A minimally invasive low back laminectomy is more targeted and removes only the portion of the lamina causing compression. Therefore, the majority of the lamina can be spared.
Prior to surgery, general anesthesia specific to outpatient surgery is administered. Throughout surgery, the surgeon utilizes real-time x-ray images known as fluoroscopy. The images captured in real-time enable the surgeon to navigate and precisely guide his surgical instruments.
The surgeon makes a small skin incision (almost puncture-like), about 1-inch long directly over the level(s) in the low back where surgery will be performed. Next, the surgeon slides sequentially-sized tubular retractors through the incision and separates soft tissues (eg, muscles). The tubular retractor holds the tissues apart. While operating, the surgeon may wear special eyeglasses (loupes) or may use a specialized surgical microscope that gives him/her microscopic vision of the surgical field. The loupes’ or microscope’s ability to magnify and illuminate enables the surgeon to see small tissues that may be compressing spinal nerves.
In addition, bone drills and other instruments specially designed for MISS are utilized to remove bone spurs (ie, osteophytes) or ligament tissue causing nerve compression while preserving the lamina and sometimes the interspinous ligament.
When the procedure is finished, the surgeon removes the tubular retractors allowing the soft tissues to move back into their natural places. The surgeon closes the tiny incision using sutures that dissolve within 2-4 weeks.
From start to finish, a minimally invasive lumbar laminectomy in an outpatient spine center takes about 90 minutes.
Minimally Invasive Lumbar Laminectomy Considerations
Minimally invasive lumbar laminectomy has many benefits over its traditional surgical counterpart—less blood loss, tiny incision(s), and quicker recovery time to name a few. However, not every patient is a candidate for this type of procedure, particularly in an outpatient setting.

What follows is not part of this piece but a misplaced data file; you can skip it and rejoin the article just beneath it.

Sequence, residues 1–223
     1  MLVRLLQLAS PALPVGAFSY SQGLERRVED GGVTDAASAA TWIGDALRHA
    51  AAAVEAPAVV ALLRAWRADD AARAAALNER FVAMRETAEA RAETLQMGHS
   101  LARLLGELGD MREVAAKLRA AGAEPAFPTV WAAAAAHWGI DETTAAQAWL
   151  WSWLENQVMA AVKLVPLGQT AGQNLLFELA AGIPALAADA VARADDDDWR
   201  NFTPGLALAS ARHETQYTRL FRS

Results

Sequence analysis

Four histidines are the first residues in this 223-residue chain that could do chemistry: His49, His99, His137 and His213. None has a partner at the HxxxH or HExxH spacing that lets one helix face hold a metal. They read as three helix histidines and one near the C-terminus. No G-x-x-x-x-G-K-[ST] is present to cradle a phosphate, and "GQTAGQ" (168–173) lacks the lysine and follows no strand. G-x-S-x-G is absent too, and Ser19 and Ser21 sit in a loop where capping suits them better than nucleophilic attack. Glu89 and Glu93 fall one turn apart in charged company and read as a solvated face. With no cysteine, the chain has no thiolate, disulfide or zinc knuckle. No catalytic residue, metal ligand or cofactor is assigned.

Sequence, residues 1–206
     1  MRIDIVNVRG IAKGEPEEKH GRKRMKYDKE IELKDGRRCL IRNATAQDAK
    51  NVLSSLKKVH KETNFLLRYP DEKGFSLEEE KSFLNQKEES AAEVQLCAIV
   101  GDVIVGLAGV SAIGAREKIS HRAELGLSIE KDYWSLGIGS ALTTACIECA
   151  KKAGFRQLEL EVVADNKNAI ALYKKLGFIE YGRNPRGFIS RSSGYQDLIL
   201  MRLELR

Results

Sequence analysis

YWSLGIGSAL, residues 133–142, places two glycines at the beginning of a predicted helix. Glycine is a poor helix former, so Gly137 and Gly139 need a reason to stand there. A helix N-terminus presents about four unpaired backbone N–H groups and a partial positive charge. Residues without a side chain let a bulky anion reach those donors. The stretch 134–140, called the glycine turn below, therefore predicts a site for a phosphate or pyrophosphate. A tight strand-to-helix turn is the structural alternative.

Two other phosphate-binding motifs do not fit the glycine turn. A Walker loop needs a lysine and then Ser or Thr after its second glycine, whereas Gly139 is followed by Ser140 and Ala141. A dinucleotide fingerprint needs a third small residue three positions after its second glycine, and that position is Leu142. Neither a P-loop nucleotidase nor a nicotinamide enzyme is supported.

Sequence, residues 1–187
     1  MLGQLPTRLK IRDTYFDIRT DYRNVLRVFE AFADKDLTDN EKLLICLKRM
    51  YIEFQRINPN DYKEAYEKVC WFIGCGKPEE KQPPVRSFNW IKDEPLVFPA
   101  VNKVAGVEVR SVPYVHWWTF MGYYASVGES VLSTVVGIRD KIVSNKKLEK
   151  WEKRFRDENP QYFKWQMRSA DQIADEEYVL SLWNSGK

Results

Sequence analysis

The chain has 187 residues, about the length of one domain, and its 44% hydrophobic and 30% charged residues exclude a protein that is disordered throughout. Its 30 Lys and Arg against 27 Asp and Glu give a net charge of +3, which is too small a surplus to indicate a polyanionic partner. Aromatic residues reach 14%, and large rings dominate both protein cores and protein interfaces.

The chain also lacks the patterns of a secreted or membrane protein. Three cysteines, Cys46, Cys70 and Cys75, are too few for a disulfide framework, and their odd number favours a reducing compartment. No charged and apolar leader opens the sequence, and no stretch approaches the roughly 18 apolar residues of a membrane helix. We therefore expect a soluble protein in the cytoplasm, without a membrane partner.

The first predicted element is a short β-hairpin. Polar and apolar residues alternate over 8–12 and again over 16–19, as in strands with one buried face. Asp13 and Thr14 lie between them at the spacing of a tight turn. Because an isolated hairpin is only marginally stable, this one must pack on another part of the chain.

Although two patients may receive the same diagnosis, no two patients are the same. While both patients may be eligible for minimally invasive lumbar laminectomy, one may have a serious health problem, such as cardiovascular disease. Depending on the patient’s overall condition, which includes preexisting medical issues, the surgeon may recommend the MISS procedure to be performed in the hospital. If you cannot have your surgery at an outpatient spine center, understand your surgeon is making the recommendation with your safety and health in view.
Prior to surgery, your surgeon will explain all potential risks and benefits of undergoing minimally invasive low back laminectomy. The anesthesiologist will explain risks related to anesthesia, and be available to answer all of your questions.
When you’ve exhausted all nonsurgical treatment options for your low back and leg pain, MIS lumbar laminectomy in an outpatient setting may be an option for you. Technological advances in minimally invasive spine surgery have helped to transform many traditional open and complex spine surgical procedures into those with less impact on your body. Tiny incisions, less postsurgical pain/discomfort, quicker recovery and the added convenience of having the surgery at an outpatient spine clinic are just a few of the many benefits of a minimally invasive lumbar laminectomy.